Prior to the turn of the century, it was generally considered an outright nuisance sharing files between Macintosh systems and well everything else. Apple provided Apple File Exchange and later PC Exchange in the early 1990s, system utilities that allowed PC-formatted floppy disks to be used initially with System 7.0. Whilst having the annoying habit of creating hidden files, it was good enough for moving around Office documents and JPEG images between platforms.
Users of DOS, Windows, and OS/2 were left neglected in the ability to read Macintosh-formatted disks, and consequently if you were frequently moving across files between platforms it was best to leave them formatted for PC. If you were determined to read Macintosh disks directly on your PC, you were left with no choice but to purchase a third-party utility. Whilst not the only option, this is where MacOpener comes into play.
Developed by DataViz, this was their lower price offering compared to their Conversions Plus product. In a nutshell, MacOpener allows viewing and transferring files across, though unlike Conversions Plus it does not have the ability to translate files. This means if you were to have a ClarisWorks document, having the ability to change it over to a Microsoft Word document with the formatting and contents mostly intact.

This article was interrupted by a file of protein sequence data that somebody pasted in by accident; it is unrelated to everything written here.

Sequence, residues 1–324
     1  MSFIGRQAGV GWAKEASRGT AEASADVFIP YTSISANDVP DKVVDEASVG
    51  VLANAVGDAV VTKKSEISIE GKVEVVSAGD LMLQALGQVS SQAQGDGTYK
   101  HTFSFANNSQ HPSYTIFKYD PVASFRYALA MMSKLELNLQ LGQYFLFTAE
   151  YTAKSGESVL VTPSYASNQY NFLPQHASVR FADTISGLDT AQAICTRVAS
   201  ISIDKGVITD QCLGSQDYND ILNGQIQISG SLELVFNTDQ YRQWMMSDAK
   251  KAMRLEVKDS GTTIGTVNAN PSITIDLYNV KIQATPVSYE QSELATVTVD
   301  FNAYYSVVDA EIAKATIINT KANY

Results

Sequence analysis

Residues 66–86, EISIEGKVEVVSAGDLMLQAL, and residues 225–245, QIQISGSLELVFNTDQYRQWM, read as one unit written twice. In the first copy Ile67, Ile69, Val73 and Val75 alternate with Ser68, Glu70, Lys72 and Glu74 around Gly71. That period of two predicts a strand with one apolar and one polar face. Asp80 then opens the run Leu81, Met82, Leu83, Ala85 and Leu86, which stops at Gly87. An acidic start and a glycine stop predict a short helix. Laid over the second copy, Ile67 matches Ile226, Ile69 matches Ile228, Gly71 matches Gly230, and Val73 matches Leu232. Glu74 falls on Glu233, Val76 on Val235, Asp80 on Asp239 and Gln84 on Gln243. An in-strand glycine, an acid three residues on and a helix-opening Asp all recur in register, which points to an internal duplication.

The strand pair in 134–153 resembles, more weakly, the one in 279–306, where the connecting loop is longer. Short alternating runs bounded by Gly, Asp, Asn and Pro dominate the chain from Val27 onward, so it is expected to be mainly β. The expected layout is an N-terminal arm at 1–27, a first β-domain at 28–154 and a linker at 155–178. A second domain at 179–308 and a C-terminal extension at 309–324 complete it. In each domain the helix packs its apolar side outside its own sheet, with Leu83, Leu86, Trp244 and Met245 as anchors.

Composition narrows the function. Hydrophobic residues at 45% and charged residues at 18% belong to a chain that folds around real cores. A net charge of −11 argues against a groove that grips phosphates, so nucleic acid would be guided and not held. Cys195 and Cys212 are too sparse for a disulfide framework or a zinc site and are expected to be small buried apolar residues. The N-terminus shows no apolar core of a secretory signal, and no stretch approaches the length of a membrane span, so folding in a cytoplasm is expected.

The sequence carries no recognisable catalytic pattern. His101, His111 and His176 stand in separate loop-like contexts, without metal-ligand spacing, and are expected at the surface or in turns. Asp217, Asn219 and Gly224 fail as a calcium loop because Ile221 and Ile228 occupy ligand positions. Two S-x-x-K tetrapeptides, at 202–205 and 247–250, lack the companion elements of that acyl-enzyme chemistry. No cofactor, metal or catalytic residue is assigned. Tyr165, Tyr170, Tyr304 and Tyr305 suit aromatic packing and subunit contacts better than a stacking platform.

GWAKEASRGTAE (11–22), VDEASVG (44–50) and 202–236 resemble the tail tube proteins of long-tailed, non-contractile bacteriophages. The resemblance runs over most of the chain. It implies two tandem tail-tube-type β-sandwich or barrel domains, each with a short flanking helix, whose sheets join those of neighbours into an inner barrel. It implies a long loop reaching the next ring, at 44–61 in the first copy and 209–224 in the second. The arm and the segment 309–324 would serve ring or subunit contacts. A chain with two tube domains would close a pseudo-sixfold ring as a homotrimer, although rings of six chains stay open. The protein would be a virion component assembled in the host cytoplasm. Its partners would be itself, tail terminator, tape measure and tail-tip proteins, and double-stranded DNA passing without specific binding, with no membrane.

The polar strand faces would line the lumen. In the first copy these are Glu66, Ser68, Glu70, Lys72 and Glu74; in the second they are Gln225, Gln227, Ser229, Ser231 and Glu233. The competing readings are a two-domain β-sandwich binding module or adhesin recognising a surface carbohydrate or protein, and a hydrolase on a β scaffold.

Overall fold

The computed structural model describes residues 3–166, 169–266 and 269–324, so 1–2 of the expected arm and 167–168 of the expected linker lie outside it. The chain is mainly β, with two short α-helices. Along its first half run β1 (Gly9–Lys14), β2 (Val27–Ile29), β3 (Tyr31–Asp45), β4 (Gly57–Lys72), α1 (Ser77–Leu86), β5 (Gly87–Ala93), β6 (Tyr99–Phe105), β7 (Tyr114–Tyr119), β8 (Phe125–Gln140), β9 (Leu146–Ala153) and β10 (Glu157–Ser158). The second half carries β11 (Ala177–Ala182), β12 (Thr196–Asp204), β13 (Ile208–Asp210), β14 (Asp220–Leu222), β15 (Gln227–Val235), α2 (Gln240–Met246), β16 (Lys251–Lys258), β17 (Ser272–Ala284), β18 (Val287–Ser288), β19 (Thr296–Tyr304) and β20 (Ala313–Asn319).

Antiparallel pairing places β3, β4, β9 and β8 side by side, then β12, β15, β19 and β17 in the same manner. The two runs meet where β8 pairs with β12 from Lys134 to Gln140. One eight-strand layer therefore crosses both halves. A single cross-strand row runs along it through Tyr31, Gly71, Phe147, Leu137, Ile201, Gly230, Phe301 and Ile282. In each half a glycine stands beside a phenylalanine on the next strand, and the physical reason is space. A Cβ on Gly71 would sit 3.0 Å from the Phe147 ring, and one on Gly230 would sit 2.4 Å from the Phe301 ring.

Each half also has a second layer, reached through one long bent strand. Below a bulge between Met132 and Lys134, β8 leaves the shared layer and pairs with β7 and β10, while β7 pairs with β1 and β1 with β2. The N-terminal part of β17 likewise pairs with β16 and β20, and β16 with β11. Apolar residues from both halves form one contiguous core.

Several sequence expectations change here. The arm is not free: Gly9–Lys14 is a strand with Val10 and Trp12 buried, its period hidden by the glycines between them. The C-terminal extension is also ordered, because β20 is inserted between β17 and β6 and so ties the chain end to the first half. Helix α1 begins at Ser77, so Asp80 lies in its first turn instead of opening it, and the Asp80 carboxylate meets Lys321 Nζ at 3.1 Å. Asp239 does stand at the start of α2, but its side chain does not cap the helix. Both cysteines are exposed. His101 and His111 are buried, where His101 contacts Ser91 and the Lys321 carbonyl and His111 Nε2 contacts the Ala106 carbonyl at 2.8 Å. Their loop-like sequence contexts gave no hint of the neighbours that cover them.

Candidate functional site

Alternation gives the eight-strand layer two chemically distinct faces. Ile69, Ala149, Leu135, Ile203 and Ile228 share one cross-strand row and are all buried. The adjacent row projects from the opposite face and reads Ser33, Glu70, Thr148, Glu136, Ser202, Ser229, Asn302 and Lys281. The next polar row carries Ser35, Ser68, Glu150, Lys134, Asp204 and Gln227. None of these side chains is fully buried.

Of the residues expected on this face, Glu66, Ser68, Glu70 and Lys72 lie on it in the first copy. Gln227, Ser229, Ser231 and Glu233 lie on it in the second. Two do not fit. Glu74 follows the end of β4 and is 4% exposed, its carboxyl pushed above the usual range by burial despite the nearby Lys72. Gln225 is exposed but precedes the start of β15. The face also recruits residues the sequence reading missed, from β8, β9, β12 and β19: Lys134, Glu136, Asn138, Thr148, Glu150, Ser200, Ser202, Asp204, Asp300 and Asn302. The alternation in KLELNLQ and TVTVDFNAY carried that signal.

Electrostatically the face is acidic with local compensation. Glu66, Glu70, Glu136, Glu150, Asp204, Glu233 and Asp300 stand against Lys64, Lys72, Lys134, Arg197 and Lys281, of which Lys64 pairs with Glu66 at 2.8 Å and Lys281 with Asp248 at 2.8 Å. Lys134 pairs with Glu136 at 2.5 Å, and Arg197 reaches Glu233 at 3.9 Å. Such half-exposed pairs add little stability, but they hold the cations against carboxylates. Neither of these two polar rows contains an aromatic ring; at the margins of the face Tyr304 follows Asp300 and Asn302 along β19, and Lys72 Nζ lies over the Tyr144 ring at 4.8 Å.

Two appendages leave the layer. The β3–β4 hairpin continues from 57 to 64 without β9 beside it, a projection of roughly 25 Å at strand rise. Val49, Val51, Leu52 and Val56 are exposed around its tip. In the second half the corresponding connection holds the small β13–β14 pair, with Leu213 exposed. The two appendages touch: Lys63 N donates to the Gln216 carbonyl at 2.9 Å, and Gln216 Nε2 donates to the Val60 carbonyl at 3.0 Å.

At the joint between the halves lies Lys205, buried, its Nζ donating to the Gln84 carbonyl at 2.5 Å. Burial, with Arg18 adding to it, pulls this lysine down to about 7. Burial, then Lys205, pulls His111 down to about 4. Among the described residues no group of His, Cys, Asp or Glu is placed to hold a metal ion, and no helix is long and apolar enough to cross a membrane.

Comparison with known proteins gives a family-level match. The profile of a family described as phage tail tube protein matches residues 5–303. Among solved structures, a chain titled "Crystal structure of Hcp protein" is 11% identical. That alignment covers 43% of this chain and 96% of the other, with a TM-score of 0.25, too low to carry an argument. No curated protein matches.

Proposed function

Installation is short, though you are prompted more than usual. Version 2.0’s main benefits over the original was its virtual device driver, an optional component that allows Macintosh files to be seen via standard file management programs such as File Manager for a more seamless experience. Windows 95 and NT were also supported, and provided you used the 32-bit version allowed to see the full Macintosh file name. Under Windows 3.1, these are truncated to the usual 8-character length. The File Navigator program is still required for formatting floppy disks however, or alternatively in DOS you may use FORMATM.EXE.
File Navigator itself is relatively simple, with source and destination of files on either side of the window. The main areas of interest will be from the Disk and Options menus. From the Disk menu, you have the options to utilise SCSI devices and formatting a 1.44 MB floppy disk in the Macintosh format. Under Options you may determine the copying method of data and map Macintosh files to a PC file extension.
Whilst not a comprehensive program, it suffices to at least retrieve files images and documents saved on a Macintosh. Without the fully fledged Conversions Plus however, in an ideal situation it would be best to have the same software to reduce formatting issues.